Near as I can tell
“But one in a certain place testified, saying, What is man, that Thou art mindful of him? or the son of man, that Thou visitest him?” (Hebrews 2:6)
The writer of Hebrews is speaking of David though they don’t identify him by name (see Psalm 8:4-5). The writer of Hebrews doesn’t identify themselves, either. And while it’s comforting to know who penned the Word of God–the very words that we have been given to reorient our thinking in this world–it’s not necessary, I guess. While I’m not a professional theologian or Bible scholar, the tenor of the epistle seems to flow in line with the other things Paul wrote. But since it doesn’t explicitly say, I suppose it’s not my place to wrangle and wrestle out some answer where none is provided.
But look at what they’re quoting. That’s where it’s at. They (Hey, it could’ve been a woman who wrote it. I’ve heard that argument.) are reiterating the astonishment of David that God would take notice of us. That He would essentially stoop to our level to see how things were going, maybe die for us if need be. And I don’t mean to be flippant, need was. “Though the Lord be High, yet hath He respect unto the lowly…” (Psalm 138:6a)
The son of man that thou visitest him…
With that word “visitest comes the idea that God is inspecting, selecting, looking out for, watching. The same idea is expressed in the story of the Prodigal Son. Where Jesus speaks of the Father waiting and watching for His child to return.”And he arose, and came to his Father. But when he was yet a great way off, his Father saw him, and had compassion, and ran, and fell on his neck, and kissed him.” (Luke 15:22) We’re not anonymous to God. It’s when we dwell on the goodness of God to seek us out, one by one, and establish a one-on-one relationship with us that we see the enormity of the Call. Let alone the fact that He made us in the first place.
“For Jacob my servant’s sake, and Israel mine elect, I have even called thee by thy name: I have surnamed thee, though thou hast not known me.” (Isaiah 45:4)
This is God speaking to King Cyrus, letting him know that even though he subscribed to a different pantheon, and didn’t know the God of the Hebrews at all, that wasn’t going to stop God from calling him out by name, using him for His purposes, and naming him (an additional name is the connotation in the Hebrew). The name Cyrus essentially means “sun king”. “King Cyrus” is almost redundant–or resplendent, depending on how you look at it. Point is, God is working through him to secure a stable future for His kids. He says the same thing to His children in Isaiah 43:1, “I have called thee by thy name; thou art mine.”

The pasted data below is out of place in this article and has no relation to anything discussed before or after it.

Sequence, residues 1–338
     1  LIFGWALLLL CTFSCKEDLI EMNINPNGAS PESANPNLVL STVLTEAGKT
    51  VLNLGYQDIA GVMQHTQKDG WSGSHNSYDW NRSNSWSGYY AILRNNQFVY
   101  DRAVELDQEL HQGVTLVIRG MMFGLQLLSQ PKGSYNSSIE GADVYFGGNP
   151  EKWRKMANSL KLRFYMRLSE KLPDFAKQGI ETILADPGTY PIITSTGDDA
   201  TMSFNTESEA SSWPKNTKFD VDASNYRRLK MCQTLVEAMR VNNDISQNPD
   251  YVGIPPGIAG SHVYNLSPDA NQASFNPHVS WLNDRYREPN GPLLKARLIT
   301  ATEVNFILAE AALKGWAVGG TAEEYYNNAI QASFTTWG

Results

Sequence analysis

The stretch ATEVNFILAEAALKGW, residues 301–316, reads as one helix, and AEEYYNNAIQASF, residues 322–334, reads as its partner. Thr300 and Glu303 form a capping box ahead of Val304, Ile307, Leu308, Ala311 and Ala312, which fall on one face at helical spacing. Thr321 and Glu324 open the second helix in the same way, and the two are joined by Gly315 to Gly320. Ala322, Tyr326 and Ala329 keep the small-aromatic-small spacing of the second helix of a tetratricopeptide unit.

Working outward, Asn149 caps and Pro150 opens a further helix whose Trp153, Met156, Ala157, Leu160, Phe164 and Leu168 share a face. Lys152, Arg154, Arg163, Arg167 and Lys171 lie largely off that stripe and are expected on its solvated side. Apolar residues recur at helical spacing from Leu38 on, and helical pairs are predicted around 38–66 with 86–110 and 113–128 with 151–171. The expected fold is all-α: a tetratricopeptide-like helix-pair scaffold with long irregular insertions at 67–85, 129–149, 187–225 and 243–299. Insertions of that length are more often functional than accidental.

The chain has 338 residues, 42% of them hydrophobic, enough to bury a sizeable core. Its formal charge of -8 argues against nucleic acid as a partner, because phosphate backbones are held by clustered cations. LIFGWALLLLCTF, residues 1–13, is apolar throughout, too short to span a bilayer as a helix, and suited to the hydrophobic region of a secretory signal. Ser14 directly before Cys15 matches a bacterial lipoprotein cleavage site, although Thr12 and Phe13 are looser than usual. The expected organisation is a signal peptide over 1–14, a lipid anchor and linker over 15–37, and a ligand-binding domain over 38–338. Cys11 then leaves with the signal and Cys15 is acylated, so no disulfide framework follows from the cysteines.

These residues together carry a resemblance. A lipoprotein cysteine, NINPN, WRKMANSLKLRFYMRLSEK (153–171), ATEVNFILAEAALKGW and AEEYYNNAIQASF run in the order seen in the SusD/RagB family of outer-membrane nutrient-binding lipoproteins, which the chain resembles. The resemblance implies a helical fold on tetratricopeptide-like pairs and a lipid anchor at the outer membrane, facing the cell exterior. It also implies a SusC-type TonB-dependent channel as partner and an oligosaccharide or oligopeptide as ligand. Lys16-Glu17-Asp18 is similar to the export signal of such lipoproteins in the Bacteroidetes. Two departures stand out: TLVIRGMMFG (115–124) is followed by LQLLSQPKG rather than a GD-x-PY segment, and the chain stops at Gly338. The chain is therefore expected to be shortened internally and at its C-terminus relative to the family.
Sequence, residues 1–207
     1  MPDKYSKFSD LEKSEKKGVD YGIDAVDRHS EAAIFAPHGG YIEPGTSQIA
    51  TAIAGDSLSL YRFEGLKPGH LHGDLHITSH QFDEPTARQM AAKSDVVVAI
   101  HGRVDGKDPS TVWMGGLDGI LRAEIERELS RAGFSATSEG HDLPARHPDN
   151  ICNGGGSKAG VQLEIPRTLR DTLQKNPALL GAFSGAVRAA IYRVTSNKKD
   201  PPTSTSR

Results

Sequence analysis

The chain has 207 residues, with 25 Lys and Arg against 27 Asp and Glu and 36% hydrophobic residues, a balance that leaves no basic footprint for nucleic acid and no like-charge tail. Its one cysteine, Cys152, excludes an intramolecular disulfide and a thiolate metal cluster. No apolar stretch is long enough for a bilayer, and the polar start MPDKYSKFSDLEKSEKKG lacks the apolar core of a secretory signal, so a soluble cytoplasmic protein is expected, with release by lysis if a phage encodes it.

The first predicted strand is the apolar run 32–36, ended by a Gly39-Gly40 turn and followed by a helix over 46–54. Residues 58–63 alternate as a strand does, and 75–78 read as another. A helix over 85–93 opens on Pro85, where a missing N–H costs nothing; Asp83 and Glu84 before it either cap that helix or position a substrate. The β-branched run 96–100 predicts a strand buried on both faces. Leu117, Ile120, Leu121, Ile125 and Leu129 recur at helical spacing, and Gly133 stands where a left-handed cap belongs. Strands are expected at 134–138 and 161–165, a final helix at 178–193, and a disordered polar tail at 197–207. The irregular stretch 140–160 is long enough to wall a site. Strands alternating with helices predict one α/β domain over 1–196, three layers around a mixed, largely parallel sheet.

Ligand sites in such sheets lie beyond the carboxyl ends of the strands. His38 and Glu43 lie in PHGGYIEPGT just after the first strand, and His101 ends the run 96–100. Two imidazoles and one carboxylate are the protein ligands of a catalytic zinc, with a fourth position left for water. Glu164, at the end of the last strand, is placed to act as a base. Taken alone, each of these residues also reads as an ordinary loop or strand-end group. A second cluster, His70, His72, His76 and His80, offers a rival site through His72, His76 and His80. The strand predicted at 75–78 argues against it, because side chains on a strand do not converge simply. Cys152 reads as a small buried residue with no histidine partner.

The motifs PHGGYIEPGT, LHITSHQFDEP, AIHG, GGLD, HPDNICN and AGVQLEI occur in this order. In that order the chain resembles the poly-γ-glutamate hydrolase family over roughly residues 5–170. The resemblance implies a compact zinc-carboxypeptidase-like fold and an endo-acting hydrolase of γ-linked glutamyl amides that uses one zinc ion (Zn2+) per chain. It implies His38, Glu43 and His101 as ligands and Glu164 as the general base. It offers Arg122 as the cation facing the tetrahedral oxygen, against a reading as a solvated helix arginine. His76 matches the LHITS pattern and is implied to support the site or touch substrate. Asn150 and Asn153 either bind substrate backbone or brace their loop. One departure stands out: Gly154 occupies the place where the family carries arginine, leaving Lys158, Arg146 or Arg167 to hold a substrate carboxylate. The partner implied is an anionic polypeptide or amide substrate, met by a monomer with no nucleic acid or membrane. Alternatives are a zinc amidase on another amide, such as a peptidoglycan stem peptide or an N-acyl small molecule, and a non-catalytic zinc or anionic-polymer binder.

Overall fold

As far as I can tell
“He telleth the number of the stars; He calleth them all by their names.” (Psalm 147:4)
God is an individual who has taken pains to re-reveal Himself to the world. Not just through His Son, but through the Body of Christ.
“But Christ being come an high priest of good things to come, by a greater and more perfect tabernacle, not made with hands, that is to say, not of this building.” (Hebrews 9:11)
Here, the writer of Hebrews is referring to Jesus establishing “the temple of His body” (John 2:21). As the letter to the Hebrews is essentially a guidebook on transferring from one Covenant to another, from an outward dwelling of God, to an indwelling by the Spirit, it’s fitting that the author would refer to Christ forming a place “not made with hands”, i.e. something that God Himself has made. And while the writer of Hebrews says God put us “over the works of Thy hands”, the building “not made with hands” is talking about our spirit. The essence of who we are minus our body. It’s who God sees first when He looks at us. It’s who He uses, anonymous or not, to get His business done in this world. How many times do you interact with people who don’t know your name? Who don’t know you from Adam? I would say a lot of our human-to-human interaction takes place without learning one’s name. And as we represent God, essentially symbolizing Him to the world at large, it’s Him who we’re meant to leave an impression of. Anonymous or not.
John says “No man hath seen God at any time” (1:18). Granted, there are places in the Bible where God speaks to people face-to-face (Moses, Jacob, Job, etc.) and that’s true. But I believe what John’s referring to is our being able to precisely define His features as we would any human being. That’s something that Jesus had to stand in for.
“Ye worship ye know not what: we know what we worship: for salvation is of the Jews. But the hour cometh, and now is, when the true worshippers shall worship the Father in spirit and in truth: for the Father seeketh such to worship Him. God is a Spirit: and they that worship HIm must worship Him in Spirit and in truth.” (John 4:24)
“For the eyes of the Lord run to and fro throughout the whole earth, to shew Himself strong in the behalf of them whose heart is perfect toward Him.” (2 Chronicles 16:9)
God calls us by name. A name that He thought up and that fits us perfectly. It’s our place, now, to respond.